Glastonbury Roundup: A Virgin, A Veteran & Our Highlights

By Vicky Pea
Mon 17 July, 2017

Yes, Glastonbury happened.

In fact it feels long ago in the memory now, but that can’t be helped. Upon returning this year we promptly fell apart, hit down with the mightiest of summer colds, made all the more worse by no longer being able to start the day with a vodka lemo. Then before we knew it we were back on our travels to gigs up and down the country once more. Anyway, rambling aside here’s out little wrap up. We’ve done it a bit differently.

Banjo is a Glastonbury vet with double figures under his belt. The first time he walked upon the now hallowed fields he simply turned up on the day, paid in cash and that was that.

Tom was a Glastonbury virgin, popping that joy filled (and until now, illusive) spot for the first time, so we asked them each for five observations from the opposite ends of their experience.

Confessions of a Glastonbury Virgin

1. What do Scousers know about getting tickets that the rest of the UK don’t? I heard more Liverpool accents at Glasto than I have in Liverpool. No doubt the festival was more…lively, because of it – just grab me a ticket next time, yeah?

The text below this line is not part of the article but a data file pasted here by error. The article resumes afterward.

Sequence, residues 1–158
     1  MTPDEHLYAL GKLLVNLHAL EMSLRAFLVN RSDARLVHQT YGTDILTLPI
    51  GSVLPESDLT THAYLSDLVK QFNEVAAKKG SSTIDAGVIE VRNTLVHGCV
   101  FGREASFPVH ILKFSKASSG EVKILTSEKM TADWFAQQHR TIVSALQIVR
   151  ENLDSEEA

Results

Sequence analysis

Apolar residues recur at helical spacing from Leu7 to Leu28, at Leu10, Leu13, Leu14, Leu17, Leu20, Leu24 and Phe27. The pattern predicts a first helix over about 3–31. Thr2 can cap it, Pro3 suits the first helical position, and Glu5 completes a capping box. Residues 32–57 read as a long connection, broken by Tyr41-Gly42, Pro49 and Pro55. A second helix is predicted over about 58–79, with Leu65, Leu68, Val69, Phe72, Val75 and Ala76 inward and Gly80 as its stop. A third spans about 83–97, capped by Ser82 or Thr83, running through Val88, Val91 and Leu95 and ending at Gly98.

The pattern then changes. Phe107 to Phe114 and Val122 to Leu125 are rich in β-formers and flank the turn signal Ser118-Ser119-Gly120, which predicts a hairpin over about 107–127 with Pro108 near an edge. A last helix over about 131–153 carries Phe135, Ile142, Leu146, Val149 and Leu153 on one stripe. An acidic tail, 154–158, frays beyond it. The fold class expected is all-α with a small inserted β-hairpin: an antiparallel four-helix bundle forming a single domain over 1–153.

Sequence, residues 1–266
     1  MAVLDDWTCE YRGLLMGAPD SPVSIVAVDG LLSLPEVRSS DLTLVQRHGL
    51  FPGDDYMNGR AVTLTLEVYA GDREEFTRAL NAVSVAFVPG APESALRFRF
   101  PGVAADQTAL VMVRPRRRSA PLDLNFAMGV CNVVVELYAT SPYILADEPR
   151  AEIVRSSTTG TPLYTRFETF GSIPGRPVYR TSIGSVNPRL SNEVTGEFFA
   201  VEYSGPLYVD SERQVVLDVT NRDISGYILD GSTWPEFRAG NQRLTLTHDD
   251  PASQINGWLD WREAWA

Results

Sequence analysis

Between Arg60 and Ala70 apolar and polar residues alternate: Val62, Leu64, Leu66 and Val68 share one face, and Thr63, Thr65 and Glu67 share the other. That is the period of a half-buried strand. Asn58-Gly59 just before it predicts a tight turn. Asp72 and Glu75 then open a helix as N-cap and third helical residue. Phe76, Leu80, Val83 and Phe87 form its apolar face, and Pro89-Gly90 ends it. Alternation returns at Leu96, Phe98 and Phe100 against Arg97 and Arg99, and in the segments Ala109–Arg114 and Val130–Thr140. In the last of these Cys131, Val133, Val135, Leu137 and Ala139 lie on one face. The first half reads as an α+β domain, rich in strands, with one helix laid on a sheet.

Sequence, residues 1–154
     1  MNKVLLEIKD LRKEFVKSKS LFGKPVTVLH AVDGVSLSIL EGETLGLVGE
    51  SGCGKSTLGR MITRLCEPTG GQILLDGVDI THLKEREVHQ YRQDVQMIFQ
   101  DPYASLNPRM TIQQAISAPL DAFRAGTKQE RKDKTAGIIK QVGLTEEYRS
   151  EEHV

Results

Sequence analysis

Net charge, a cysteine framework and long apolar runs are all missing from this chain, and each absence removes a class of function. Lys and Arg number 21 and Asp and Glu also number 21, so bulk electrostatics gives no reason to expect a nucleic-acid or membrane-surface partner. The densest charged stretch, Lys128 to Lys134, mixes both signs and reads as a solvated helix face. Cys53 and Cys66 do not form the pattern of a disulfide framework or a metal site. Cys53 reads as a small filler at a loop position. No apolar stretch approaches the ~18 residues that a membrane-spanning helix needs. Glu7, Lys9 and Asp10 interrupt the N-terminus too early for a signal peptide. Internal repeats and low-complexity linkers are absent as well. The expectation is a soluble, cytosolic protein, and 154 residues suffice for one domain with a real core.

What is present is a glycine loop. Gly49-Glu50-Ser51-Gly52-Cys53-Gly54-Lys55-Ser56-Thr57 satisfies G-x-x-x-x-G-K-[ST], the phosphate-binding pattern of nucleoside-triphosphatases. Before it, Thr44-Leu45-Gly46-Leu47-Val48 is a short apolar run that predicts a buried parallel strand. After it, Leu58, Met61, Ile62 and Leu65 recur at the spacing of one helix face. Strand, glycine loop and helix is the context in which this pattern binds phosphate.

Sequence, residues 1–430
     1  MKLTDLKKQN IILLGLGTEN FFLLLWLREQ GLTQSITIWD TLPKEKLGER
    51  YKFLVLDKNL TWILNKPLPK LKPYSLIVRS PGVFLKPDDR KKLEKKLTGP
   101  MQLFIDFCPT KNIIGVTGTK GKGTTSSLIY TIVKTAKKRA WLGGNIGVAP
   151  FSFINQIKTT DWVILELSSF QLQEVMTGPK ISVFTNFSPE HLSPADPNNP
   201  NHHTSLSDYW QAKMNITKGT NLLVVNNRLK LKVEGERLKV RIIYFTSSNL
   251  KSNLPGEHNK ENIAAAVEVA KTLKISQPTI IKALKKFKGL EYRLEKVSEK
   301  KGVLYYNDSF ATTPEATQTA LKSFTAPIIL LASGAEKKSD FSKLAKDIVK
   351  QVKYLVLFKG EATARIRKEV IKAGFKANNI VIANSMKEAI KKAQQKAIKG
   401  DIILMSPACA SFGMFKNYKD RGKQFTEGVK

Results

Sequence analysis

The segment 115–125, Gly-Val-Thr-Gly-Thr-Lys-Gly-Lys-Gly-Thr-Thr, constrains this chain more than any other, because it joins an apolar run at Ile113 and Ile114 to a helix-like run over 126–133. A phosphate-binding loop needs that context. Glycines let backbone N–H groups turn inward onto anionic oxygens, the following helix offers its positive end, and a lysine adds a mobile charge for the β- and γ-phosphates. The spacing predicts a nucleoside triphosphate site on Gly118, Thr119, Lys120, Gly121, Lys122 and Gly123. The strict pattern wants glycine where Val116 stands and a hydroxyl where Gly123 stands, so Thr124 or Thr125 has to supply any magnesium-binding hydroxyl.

2. Glastonbury costs more than just Glastonbury. I’ve never been one for music gigs, instead preferring comedy. Since returning, I’ve become monomaniacal about seeing gigs large and small. Glastonbury lit a fire and clef-shaped flames now lick at my wallet. I hope this doesn’t last long – I don’t really have the money to maintain such an extravagant lifestyle.

3. When I went to Glastonbury for the first time, I wanted to go to Glastonbury and experience all that it means. The sun was nice and all, but give us some rain just for the sake of it? For four days I walked around in the 30 degree heat with wellies on in the misguided hope that I’d get my glorious mud-covered moment. Zilch. Sorry all, I’ll be hoping for rain next time.

4. From the back of the Pyramid field, watching Dave Grohl conduct thousands of people gives you a sense of enormity; the crowd looks gargantuan. However, when you’re in the midst and wildly howling the words to Karma Police, the crowd seems tiny and personal. I loved how much it changed depending on the tone of the set.

5. Going to Glastonbury was a bucket list thing for me. To give you some perspective- the Chelsea Flower Show and Wimbledon are also on it (only someone working class could be this middle class). I was thinking it would be “one and done”. Despite the sunburn, the piece-of-shit coach that broke down twice on the way home, the new found squatting technique I developed for the long drops and the horrendous clashes – I miss it terribly and two years is simply too long to wait for another. After 6 years of “I haven’t got a ticket” angst, I fear the next time I miss out it’ll be far worse.